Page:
Ungar/Mason Family Band on KLCC

Apr 27, 2014

Jay Ungar, his wife Molly Mason, daughter Ruthy and son-in-law Mike Merenda are continuing a great folk music tradition: the traveling family band. With two small children and any number of musical instruments in the mini-van, the Ungar/Mason Family Band bring good times and music to the Shedd in Eugene.  Awaiting their arrival: a double bass and a babysitter...  

Photo by Isabel A. Zacharias

Ukulele master Jake Shimabukuro stopped by the KLCC studios for a live performance and interview before his appearance at the McDonald Theatre in Eugene on Friday, April 25th. He played songs ranging from traditional Hawaiian and Japanese music, to his signature cover of "While My Guitar Gently Weeps." He talked about adapting music to the ukulele, and the odd experience of being the subject of the documentary film Life on Four Strings.

Spring Awakening

Apr 25, 2014

University Theatre presents the musical Spring Awakening, a modern rock adaptation of a controversial play from 1891, regarding adolescent sexuality and coming of age. Eric Alan speaks to director John Schmor about the play’s raw edge, the unusual music, and what we haven’t learned about coming of age in the past century.

The Cinema Pacific Film Festival brings films and new media from countries which border the Pacific Ocean. It includes the annual Adrenaline Film Project, in which films are created and then shown in a 72-hour frenzy. A conversation with Cinema Pacific director Richard Herskowitz, and Leigh  Kilton-Smith, a mentor for the Adrenaline Film Project who has served as an acting coach for Jennifer Aniston and many others.

Steve Landes has been portraying an eight-year portion of John Lennon’s life for sixteen years, as part of the multi-media Beatles tribute called Rain. Before Rain’s performance at the Hult Center, he speaks with Eric Alan about the oddity and excitement of the role, what it takes to recreate the Beatles, and what he’ll do when he no longer looks like John Lennon.

Noah Strycker is the author of The Thing with Feathers: The Surprising Lives of Birds and What They Reveal About Being Human. He’s also associate editor of Birding magazine, and he’ll be the guest speaker at this month’s Lane County Audubon Society meeting on Tuesday evening, April 22nd. He speaks with Eric Alan about birds’ surprising intelligence, including aspects of altruism, art and dance.

Angela Kellner

William Shakespeare is said to have been born on     April 23rd 450 years ago.  Eugene is home to a family named "Shakespear" -- and they're related to the Bard!  Intrigued by their name,  KLCC's Claude Offenbacher spoke with two family members:  Roosevelt Middle School 8th grader Zac, and his mother,  Christy.

The University of Oregon English Department and the Collins Fund present Asian American Voices, A Collins Literary Forum, bringing four authors to the UO campus in spring. The first will be Gish Jen, author of four celebrated novels, a collection of short stories and her most recent book, Tiger Writing: Art, Culture and the Interdependent Self. That book is drawn from her lectures at Harvard University in 2012. She’ll appear in the Knight Library Browsing Room on the UO campus on Monday, April 21st at 8 p.m.

Claudia Schmidt on the Saturday Cafe

Apr 20, 2014

Claudia Schmidt has been a touring professional musician for over four decades, with nineteen albums of mostly original songs, exploring folk, blues, and jazz and spoken word. Her spring tour brought her to Salem and Eugene with her new Red House release, New Whirled Order.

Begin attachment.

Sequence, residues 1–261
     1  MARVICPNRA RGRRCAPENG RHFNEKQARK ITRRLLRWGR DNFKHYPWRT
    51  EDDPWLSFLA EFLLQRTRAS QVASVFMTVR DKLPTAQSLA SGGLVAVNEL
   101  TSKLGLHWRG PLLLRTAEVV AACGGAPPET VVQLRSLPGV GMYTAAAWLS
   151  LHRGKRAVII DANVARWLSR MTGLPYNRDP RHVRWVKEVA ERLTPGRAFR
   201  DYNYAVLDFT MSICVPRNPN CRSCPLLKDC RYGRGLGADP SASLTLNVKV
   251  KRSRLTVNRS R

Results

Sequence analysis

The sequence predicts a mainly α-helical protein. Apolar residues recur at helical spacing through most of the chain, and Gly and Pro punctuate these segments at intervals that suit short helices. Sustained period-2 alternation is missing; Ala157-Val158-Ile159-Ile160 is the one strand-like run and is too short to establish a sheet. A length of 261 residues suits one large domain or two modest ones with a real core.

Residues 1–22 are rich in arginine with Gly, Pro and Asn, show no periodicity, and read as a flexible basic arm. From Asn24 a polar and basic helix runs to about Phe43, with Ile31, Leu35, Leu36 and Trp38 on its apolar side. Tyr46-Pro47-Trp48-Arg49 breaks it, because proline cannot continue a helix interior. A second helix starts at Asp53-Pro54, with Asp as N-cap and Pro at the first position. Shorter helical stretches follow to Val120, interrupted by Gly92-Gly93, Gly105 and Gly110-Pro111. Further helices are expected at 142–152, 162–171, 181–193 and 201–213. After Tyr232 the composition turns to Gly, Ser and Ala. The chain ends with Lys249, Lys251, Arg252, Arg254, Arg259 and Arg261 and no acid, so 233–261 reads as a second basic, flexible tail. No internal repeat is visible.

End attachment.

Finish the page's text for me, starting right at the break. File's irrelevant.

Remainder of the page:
Marx(ist) Brothers on the Saturday Cafe

Apr 20, 2014

Live music should always be so lively!  Andy Cohen, Chico Schwall and Mark Ross begin their first Northwest tour as the Marx(ist) Brothers with a rousing send-off on the Saturday Cafe.


Eugene Celebrates A Windy Earth Day

Apr 19, 2014
Desmond O'Boyle

Despite rainy and windy conditions, hundreds of people celebrated Earth Day Saturday in the Eugene Water and Electric Board's downtown parking lot. The wind seemed to be more of a factor than the rain. Elizabeth Brown is with the organization "Our Children's Trust" who operated a booth at Earth Day. She says they tied their booth next to two adjacent ones.

Photo by Eric Alan

David Jacobs-Strain merges the blues with his own musical vision, including in acoustic duo shows with Philadelphia harmonica master Bob Beach. He’s also recently been recording in southern California with some stellar players, including bassist Viktor Krauss (of Lyle Lovett's Large Band), Greg Leisz and legendary drummer Jim Keltner.

Lincoln Gallery

Apr 16, 2014

Terry Way and Sandy Jenson visit Lincoln Gallery in Eugene. It's sponsored by Oregon Assisted Living Program.

Guest conductor Grant Llewellyn, a native of Wales, will join the Eugene Symphony for their April performances in Eugene and Florence. He also is participating in extensive artist residency programs this week as well. He speaks with Eric Alan about the experience.

Tom Spanbauer is the author of five acclaimed novels, and the founder of the teaching form called Dangerous Writing. His latest novel I Loved You More looks at the workings of a very complicated love triangle. Before giving a reading on the UO campus on Tuesday evening, April 15th, he speaks with Eric Alan about the muse of the secret sore place.

Photo by Eric Alan

Portland songwriter Anne Weiss has merged folk with the blues and other influences, while Texas native  Beth Wood has brought her own songs to Eugene in recent years. Together, they joined Eric Alan in the KLCC studios on the last day of KLCC's spring fund drive, before also performing together at Tsunami Books in Eugene, on Friday April 11th.